The present decade also marks the movement from “precision” agriculture to “decision” agriculture. The earlier learning curve for technical skills and data solutions went from being voluntary to a requirement for participation in precision agriculture. Customer desire for both technology and knowledge fueled the vertical integration of entities in order to provide a “one-stop shop” not only for a precision agriculture program but also for a decision support system. A decision support system that supports best management practices and covers the risk for their implementation. The decade saw the introduction of calculators to assess the sustainability of production practices. A sustainability assessment helps growers be more efficient with their resources and better stewards of their farmland.

New technologies, such as described in this PrecisionAg magazine edition, will continue to define precision agriculture in the future, but the vertical integration of entities with its focus on decision making will change the composition of competitors. In answering my friend’s question, precision agriculture in the remaining years of this decade will, like the airline industry, end up with four or five major players globally. And, to the surprise of some, the monies fueling this integration will very likely come from outside the agricultural community. While many of the early and later entrants in precision agriculture will be absorbed in the current and future consolidation, others will redefine themselves. Even as precision agriculture matures like other technology-oriented industries, there will always be new innovations creating new opportunities due to the complex and changing nature of agriculture.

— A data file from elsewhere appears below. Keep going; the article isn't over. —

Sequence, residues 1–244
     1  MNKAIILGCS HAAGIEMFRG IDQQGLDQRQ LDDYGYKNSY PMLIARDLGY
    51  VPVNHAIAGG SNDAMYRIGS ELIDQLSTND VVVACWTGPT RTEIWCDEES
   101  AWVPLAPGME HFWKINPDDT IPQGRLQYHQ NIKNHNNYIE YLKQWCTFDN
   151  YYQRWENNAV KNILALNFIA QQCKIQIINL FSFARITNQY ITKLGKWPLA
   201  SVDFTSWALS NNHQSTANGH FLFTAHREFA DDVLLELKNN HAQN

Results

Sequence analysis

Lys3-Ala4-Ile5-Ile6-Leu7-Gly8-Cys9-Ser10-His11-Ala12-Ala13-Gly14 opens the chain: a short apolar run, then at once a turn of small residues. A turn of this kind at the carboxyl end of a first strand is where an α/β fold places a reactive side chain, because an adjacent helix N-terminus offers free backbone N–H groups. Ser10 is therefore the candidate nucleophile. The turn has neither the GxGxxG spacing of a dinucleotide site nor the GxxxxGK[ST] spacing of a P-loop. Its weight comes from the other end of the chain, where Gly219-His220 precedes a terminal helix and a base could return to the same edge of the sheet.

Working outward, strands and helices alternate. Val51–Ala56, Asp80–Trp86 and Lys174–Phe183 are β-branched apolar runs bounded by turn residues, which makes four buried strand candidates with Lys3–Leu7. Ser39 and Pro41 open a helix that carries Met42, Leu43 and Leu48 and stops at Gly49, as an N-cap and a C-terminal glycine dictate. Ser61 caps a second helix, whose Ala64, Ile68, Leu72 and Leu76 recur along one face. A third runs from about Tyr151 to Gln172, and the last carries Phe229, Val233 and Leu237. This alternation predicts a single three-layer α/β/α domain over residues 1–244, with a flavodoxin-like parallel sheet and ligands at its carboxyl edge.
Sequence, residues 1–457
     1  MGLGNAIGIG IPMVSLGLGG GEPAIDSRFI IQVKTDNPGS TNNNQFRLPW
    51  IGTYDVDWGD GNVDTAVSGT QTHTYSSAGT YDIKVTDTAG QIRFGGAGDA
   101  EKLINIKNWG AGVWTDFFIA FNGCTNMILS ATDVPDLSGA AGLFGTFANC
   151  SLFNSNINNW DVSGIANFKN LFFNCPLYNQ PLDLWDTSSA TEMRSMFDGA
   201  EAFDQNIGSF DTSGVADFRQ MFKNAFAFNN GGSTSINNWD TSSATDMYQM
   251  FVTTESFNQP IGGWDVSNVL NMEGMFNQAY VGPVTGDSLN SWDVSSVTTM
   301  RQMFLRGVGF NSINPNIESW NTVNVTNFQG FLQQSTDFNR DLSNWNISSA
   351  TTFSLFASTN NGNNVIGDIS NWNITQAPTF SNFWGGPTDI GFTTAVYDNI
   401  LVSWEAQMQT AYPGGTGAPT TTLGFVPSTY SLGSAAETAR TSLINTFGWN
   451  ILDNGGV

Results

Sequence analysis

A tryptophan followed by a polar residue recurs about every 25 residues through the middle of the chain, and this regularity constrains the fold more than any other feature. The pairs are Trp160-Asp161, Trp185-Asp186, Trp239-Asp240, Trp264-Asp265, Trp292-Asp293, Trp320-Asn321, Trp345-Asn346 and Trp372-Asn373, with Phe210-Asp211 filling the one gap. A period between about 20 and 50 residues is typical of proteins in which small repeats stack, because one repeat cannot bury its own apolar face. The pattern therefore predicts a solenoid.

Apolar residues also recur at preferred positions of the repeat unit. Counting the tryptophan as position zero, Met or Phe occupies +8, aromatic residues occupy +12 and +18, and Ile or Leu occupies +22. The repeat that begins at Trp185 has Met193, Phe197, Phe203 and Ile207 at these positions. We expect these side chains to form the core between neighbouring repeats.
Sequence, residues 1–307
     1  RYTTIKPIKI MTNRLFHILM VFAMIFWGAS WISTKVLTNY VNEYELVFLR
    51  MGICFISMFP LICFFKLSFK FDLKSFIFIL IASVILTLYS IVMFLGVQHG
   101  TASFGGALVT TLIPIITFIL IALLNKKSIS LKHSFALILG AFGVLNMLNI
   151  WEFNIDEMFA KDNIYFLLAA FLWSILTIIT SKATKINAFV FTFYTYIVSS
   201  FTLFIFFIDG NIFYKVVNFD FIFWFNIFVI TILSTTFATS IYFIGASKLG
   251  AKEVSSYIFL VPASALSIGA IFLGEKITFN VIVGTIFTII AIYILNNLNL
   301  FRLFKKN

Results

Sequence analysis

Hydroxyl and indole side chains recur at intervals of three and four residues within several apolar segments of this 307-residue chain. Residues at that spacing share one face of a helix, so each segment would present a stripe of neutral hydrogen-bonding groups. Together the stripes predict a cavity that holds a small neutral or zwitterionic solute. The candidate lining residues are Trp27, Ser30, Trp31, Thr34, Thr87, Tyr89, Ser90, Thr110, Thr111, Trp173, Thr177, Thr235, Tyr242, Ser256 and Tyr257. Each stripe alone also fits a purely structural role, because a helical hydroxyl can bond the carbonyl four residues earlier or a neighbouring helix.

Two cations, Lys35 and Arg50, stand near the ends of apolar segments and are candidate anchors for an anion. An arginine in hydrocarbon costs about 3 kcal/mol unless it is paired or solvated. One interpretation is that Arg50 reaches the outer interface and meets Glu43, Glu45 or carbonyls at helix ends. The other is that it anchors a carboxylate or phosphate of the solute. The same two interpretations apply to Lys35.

Leave a Reply

One comment on “Precision Agriculture, Then And Now

  1. Where do you see the soil labs offering field services and software programs fitting in as we move to the “future”? Will they be “gobbled up too by the venture capital?

Professionals Stories
Professionals5 Compelling Reasons To Join The PrecisionAg Professional LinkedIn Group
March 1, 2017
Many ag professionals are actively using sites such as Twitter and Facebook to promote their businesses. But perhaps no other Read More
UNL Researchers
ProfessionalsPrecision Agriculture Makes Farming More Sustainable, Profitable
February 23, 2017
Farmers have numerous sources of technology and data available to use in their operations, but many producers struggle with what Read More
DronesLand O’Lakes Drone Challenge Crowdsourcing Competition Underway
February 17, 2017
Land O’Lakes, Inc. is calling on innovators from the tech industry to enter the Land O’Lakes Prize: Drone Challenge, a Read More
ProfessionalsDeere Details New Connect Mobile App, C850 Air Cart
February 15, 2017
To help growers monitor, adjust and learn from the performance of their planter or sprayer while it moves through the Read More